The revelation that the Saudis sought to create a military option for
anti-Iranian forces in Lebanon is the latest item to fall into the category of
“non-surprising surprises” revealed by the WikiLeaks cables. This is not
intended as an expression of disappointment.
Having one’s previously
expressed suspicions confirmed is one of the more pleasant experiences for a
researcher and journalist.
Unfortunately, the issues underlying the Saudi
foreign minister’s request and the US ambassador’s brush-off have not
disappeared. The same mechanisms are at work today in Lebanon, underlying and
dominating events and continuing to benefit Iran and its allies.
level, Foreign Minister Saud al-Faisal’s request for the assembling of a force
capable of resisting Hizbullah sounds like obvious common sense. It was made at
a time that Hizbullah was engaged in the culmination of an 18- month period of
revolt against the Saudi and US-backed elected government of Lebanon. Hizbullah
and allied fighters had launched something resembling a coup against the
authorities, brushing aside feeble resistance and seizing control of West
Lebanon was on the verge of civil war. It had become obvious that
the entire project of the “Cedar Revolution” and the attempt to build an
independent and sovereign Lebanon was faced with an armed attempt by Iran and
Syria to destroy it through the use of a proxy military force. The Lebanese
Armed Forces, themselves divided along sectarian lines and with a large Shi’ite
element, were useless as an instrument for the defense of the state’s
sovereignty. They would have split and ceased to exist if ordered to fight
Hizbullah, and would have been defeated in the unlikely event that they had
attempted to do so.
In such circumstances, the two stark options for the
international guarantors of the March 14 government were to fight or to
BUT ON closer inspection, Faisal al- Saud was not exactly
proposing the former in this meeting. The Saudis, being the Saudis, do not
commit to get involved in any fighting themselves.
Rather, Saud proposed
to US ambassador to Iraq David Satterfield in 2008 the creation of an “Arab
force” composed of troops from unnamed Arab states, which would take on and
destroy Hizbullah under UN auspices and with US, UNIFIL and NATO
In its details, the Saudi proposal sounds somewhat
hallucinatory, and one can thus understand Satterfield’s cautious return of the
ball with his promise that the US would “carefully study” any Arab decision in
this regard. The Saudis generally like the Americans to do their fighting for
them, and the proposal sounds something like an example of this. There would
have been little support in the US in 2008 for a further entanglement of US
forces on the ground in a Middle Eastern country.
The reason why we are
only finding out about this proposal two years later is because nothing
There was an Arab decision following the Hizbullah
coup of May 2008, but it was not in the direction of an armed defense of the
Rather, the Saudis, having sounded out their
American allies and found them reluctant, concluded that since fighting wasn’t
an option, the only remaining path was accommodation.
concessions subsequently made by the Saudi’s March 14 clients in the Doha
negotiations – including the ceding of veto power over government decisions to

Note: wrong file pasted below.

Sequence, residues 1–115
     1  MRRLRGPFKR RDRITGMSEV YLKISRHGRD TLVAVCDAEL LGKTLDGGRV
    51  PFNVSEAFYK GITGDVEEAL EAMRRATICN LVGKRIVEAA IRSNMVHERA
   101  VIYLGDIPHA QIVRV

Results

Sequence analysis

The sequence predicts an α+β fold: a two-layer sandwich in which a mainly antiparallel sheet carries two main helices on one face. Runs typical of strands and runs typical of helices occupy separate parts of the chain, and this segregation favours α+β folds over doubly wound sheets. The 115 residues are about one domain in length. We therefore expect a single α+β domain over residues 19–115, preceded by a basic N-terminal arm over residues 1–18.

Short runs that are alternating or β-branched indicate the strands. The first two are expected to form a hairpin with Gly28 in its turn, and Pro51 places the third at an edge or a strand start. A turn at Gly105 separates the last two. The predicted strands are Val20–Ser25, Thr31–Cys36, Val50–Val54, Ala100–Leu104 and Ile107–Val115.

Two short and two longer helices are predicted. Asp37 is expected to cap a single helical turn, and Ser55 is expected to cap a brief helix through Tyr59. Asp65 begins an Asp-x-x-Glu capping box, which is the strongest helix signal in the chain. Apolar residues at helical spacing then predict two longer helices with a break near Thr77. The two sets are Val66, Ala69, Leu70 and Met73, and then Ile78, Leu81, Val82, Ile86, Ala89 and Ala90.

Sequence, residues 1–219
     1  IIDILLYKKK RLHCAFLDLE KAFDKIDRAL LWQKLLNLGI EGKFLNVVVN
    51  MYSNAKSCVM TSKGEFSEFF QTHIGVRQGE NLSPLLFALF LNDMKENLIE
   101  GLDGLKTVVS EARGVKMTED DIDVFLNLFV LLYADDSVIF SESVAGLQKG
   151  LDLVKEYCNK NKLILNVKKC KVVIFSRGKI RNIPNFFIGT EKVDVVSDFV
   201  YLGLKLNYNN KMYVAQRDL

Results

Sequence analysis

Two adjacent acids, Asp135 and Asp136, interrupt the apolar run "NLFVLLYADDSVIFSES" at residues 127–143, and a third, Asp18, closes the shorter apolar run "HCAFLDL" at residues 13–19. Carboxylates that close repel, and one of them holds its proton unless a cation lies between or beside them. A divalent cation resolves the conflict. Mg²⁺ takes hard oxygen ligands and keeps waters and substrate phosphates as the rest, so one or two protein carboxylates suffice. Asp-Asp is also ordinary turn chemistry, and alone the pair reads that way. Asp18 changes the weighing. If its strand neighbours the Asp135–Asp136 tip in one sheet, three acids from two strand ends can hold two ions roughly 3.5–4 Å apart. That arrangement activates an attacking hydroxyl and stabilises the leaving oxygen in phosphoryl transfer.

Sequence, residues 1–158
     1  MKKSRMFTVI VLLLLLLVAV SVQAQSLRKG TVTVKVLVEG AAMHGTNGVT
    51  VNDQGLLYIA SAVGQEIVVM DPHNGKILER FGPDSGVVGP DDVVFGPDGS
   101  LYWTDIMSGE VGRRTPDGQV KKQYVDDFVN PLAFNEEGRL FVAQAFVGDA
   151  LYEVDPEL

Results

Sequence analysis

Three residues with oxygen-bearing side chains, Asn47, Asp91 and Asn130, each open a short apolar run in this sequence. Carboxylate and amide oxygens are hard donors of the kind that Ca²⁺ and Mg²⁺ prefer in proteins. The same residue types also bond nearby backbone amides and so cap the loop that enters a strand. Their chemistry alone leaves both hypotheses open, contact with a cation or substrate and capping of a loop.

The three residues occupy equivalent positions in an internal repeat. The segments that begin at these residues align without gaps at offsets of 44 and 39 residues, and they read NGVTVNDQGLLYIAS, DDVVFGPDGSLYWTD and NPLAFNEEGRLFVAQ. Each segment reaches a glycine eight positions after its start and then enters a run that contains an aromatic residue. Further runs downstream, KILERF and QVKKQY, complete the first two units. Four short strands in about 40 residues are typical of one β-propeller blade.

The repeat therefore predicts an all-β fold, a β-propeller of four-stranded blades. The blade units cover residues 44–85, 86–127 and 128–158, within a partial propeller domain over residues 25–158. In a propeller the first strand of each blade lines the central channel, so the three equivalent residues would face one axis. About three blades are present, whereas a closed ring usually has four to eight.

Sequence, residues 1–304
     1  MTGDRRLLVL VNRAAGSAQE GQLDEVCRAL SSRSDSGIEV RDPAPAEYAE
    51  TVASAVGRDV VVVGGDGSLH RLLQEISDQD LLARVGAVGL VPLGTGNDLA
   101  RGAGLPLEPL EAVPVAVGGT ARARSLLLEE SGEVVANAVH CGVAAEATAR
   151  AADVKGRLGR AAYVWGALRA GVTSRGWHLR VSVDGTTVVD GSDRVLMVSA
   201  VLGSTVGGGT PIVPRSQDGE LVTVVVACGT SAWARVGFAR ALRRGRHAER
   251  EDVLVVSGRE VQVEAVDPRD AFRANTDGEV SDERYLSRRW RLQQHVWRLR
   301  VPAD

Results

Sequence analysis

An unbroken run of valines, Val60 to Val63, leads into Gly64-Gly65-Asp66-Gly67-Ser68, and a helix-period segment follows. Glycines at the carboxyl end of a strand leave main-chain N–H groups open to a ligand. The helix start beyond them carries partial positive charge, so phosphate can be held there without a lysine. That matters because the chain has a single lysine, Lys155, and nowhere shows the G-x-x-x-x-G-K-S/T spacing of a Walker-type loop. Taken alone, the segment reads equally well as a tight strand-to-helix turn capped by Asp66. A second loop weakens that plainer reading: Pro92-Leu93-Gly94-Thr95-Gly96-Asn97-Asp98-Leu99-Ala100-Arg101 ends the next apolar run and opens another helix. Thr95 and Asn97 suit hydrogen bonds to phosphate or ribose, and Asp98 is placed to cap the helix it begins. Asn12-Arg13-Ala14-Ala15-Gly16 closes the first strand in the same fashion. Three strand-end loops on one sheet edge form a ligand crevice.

WHILE THe Saudis’ talents as fighters and organizers appear
modest from this episode, the clarity of their analysis is once again very
Saud correctly observed that Iran was advancing on a number
of “regional fronts” – he mentioned Iraq and the Palestinians as the other two.
He noted, again correctly, that a Hizbullah victory would imply an “Iranian
takeover” of Lebanon.
This brings us to the lessons for the present day.
Accommodation in fact meant submission. The Saudis’ subsequent response to US
unwillingness to underwrite the elected government of Lebanon was to seek
rapprochement with Syria, and to formalize Hizbullah’s para-state in Lebanon and
its status as a supra-governmental organization.
The result has been that
the Iranian advance up to that point was formalized, with the March 14
government allowed to remain in place – increasingly as a kind of
The next episode in this process may shortly be upon us.
Hizbullah is threatening renewed civil strife if its members are indicted by the
Special Tribunal on Lebanon for the murder of former prime minister Rafik
The Saudis are once more talking to the Syrians in an effort to
find a way to “contain” the impact of indictments.
That is, in effect,
the Saudis appear to be seeking to finesse the next act of surrender.
is clear that even if Hizbullah members are indicted, no mechanism for
apprehending them exists. Hizbullah’s and Iran’s threats in recent weeks have
been intended to deter their domestic and regional opponents from even thinking
about trying to implement any decision by the tribunal.
seem to have worked.
So the meeting between Satterfield and the Saudi
foreign minister represents a snapshot in a larger process that has been under
way in the region over the last half decade. It is a fascinating insight into
the depth of Saudi fears, and the shrewd understanding of power relations of
which Riyadh is capable. Unfortunately, the Arab autocracies are incapable of
maintaining the boundaries of their system by themselves, and this is the reason
why the Iranians have so successfully penetrated this system at various of its
Saud al-Faisal, having correctly identified the problem,
could then only beg the Americans to lead in confronting it. The request
unheeded, the House of Saud has sought to accommodate the new strong men,
granting them their current point of advancement.
But in the long run,
this won’t work either.
The Iranians and their friends have ambitions
that can’t be accommodated.
So in the long run, we are back to fight or
flight. There is no third way.